"This film shows events that took place over a 14-day period in the south of Sweden," claimed the title card at the beginning of Wallander: the Fifth Woman.
Oh no it doesn't, you big fibbers. I think we might just have read about it if a string of elderly men had been murdered in increasingly baroque fashion by… well, perhaps I'd better not say just in case there are readers who still have to catch up with Saturday's double bill of what, for convenience's sake, we might call Wallander: the One with Subtitles (though, inconveniently, there are more than one of those). I know what they meant to say, of course. They meant to say treat this as real, a plea that is underscored by the grainy rhetoric of the direction here. Where Wallander: the One without Subtitles often glories in the crisp light of the Baltic, and the transparency of those Scandinavian colours, the Swedish-language version speaks a language of surveillance and existential murk. When they're outside it absolutely chucks it down and when they're inside they might as well be shooting in sepia.
The other big difference is the Kurts, Rolf Lassgard's version of Henning Mankell's detective being a good deal more raddled and puffy than Branagh's. They share the bristles, but what lies underneath them is significantly different in tone. With Branagh you frequently get the sense that the world has let Wallander down. With Lassgard you feel that it's the character who has fallen short of what the world might have hoped for, a transgressive quality that trembles on the edge of alienating us completely. It's difficult to imagine Branagh slapping two young girls hard in the face, as Lassgard's Wallander did, after he'd caught them shoplifting and they ventured the paedo defence ("We'll say you groped us").
Having said which, Wallander was in an unusually sunny mood this time round, just back from a holiday with his dad in Rome and sniffing out the romantic possibilities with his attractive new colleague. He still gets grumpy, naturally, it being difficult to keep the mood upbeat when you're called to a murder scene at which the dead man has been pierced through by sharpened bamboo stakes and then partially eaten by birds. After which another body turned up, strung up in cruciform fashion between two trees. "There's nothing to suggest a connection," said Wallander furiously, rather overlooking the fact that both were elderly loners with fastidious hobbies (ornithology and orchids). He latched on when the killer got the hat trick.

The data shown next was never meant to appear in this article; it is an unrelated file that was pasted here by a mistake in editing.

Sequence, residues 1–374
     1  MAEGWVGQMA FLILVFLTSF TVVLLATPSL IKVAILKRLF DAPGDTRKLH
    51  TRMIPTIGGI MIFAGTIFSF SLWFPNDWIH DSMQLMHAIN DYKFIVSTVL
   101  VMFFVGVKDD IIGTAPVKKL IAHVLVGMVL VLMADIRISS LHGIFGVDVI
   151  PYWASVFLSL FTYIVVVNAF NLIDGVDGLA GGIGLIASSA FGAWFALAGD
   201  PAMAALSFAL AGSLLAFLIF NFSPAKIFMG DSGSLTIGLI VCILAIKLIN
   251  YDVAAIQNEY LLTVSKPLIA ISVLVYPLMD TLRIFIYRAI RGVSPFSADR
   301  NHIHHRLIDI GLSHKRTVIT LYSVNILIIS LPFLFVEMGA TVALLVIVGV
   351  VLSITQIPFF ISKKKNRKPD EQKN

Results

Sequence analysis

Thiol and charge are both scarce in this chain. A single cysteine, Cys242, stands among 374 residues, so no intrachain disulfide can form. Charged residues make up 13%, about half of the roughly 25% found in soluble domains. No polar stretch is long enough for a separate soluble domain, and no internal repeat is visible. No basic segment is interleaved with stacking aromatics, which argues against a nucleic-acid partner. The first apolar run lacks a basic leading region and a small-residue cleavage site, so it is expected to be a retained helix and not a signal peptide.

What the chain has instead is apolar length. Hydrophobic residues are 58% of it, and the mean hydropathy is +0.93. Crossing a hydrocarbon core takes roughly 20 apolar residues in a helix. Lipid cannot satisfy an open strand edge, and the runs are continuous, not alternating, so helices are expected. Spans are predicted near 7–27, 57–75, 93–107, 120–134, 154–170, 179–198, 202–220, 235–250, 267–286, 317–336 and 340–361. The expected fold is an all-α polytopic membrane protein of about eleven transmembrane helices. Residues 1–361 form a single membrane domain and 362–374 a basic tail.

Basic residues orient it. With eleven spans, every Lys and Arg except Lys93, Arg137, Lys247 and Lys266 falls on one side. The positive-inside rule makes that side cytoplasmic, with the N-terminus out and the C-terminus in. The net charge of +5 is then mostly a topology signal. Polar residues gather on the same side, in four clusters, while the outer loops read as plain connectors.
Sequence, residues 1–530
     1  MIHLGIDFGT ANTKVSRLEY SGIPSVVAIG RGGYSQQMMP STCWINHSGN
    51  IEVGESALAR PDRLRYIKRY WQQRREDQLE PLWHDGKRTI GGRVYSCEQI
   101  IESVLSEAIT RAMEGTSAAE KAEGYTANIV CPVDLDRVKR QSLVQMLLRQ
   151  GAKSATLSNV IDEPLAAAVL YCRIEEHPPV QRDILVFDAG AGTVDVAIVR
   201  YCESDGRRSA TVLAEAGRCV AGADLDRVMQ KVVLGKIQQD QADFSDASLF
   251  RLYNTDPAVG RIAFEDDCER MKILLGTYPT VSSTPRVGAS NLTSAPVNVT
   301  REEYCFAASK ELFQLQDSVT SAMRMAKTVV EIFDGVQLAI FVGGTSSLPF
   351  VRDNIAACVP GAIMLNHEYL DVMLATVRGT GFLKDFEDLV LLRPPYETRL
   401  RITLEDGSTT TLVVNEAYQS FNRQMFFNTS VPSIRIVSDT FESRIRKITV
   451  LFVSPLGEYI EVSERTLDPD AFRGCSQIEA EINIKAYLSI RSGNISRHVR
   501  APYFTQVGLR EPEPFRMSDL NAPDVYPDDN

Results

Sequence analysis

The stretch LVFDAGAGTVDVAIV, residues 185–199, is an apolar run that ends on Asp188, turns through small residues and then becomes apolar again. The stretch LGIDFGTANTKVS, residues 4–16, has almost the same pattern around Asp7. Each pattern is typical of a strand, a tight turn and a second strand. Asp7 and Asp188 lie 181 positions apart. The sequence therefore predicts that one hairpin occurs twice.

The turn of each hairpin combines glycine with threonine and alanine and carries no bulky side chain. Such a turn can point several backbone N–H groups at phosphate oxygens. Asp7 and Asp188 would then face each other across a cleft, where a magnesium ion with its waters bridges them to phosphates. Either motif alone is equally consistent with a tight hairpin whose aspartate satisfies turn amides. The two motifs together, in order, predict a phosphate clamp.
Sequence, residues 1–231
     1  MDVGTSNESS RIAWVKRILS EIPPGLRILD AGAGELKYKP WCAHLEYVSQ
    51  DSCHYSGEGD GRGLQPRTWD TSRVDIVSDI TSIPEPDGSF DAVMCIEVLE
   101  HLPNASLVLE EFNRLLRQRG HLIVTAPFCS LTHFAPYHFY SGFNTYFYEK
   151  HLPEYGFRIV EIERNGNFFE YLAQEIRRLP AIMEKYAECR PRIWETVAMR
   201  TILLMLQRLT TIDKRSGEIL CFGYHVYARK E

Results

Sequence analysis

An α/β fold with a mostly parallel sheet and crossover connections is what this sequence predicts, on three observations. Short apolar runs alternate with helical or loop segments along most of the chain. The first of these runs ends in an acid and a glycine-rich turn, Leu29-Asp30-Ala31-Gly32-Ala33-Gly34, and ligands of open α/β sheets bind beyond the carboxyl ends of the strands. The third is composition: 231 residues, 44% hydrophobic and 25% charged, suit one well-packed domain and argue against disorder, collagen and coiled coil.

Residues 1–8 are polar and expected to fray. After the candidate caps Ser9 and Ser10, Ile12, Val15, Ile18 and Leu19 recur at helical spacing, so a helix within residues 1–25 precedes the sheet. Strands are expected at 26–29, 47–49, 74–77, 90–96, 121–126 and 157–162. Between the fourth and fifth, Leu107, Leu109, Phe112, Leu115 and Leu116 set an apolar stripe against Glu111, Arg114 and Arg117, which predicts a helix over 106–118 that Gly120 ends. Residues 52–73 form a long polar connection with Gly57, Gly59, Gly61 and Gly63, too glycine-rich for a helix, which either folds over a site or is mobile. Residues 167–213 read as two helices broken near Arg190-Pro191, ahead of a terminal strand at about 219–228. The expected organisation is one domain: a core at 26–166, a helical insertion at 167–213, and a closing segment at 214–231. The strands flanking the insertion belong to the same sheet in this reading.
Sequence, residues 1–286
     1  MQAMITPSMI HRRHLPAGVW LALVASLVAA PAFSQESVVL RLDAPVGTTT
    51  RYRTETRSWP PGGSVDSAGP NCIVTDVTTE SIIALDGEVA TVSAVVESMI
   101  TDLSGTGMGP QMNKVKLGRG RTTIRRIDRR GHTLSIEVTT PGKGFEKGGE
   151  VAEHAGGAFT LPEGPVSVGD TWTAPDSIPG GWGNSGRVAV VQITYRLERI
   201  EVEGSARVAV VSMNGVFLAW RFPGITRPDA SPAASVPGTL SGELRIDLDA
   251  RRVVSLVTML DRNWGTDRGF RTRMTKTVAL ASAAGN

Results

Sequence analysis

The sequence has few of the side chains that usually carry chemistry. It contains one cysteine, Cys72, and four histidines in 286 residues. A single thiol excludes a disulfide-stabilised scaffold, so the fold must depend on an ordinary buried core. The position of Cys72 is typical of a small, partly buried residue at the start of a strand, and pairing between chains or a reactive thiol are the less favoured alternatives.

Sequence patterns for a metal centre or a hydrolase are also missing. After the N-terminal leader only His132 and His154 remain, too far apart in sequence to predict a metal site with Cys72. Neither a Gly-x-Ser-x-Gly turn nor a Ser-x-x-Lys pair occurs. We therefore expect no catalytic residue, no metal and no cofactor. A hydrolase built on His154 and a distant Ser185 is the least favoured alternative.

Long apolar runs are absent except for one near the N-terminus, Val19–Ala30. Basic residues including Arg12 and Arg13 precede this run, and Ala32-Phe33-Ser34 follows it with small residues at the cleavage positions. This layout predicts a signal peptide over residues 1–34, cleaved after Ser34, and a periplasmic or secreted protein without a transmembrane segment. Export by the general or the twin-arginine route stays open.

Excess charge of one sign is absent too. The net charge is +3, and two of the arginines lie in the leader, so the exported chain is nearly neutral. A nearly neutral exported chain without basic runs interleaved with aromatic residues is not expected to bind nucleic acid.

I've steered clear of The Angelos Epithemiou Show because it looked bullying in the pre-publicity, one of those performances in which a comic apes a slow-witted character and in doing so licenses cruelty to those who actually are. It's not quite that (though it definitely hovers dangerously close at times). But it isn't easy to pigeonhole what it is instead. The format is cod interview show, but on the evidence of Friday's show at least Renton Skinner isn't quite nimble enough to take advantage of the liberties his mouth-breathing alter ego gives him. Tellingly, Theo Paphitis got in the sharpest line in his appearance, with Skinner reduced to rather feeble ad libs ("I bought a new bow the other day," said Paphitis when he was asked how he spent his money. "All right, Robin Hood," replied Angelos).
It also owes a considerable debt to Reeves and Mortimer-style mucking about (Skinner served an apprentice as guest clown on Shooting Stars) and these elements are more successful, even if they wildly overestimate the comic payload of stage explosives. Keying up the second half, Epithemiou announced that "for all you metrosexuals out there I will be showing you how to exfoliate", a promise illustrated with footage of him appearing, fully dressed, from between the rollers of a functioning carwash. That made me laugh and Adeel Akhtar is very funny too as Angelos's sidekick Gupta. If there was more of him, I might watch it again.Reuse content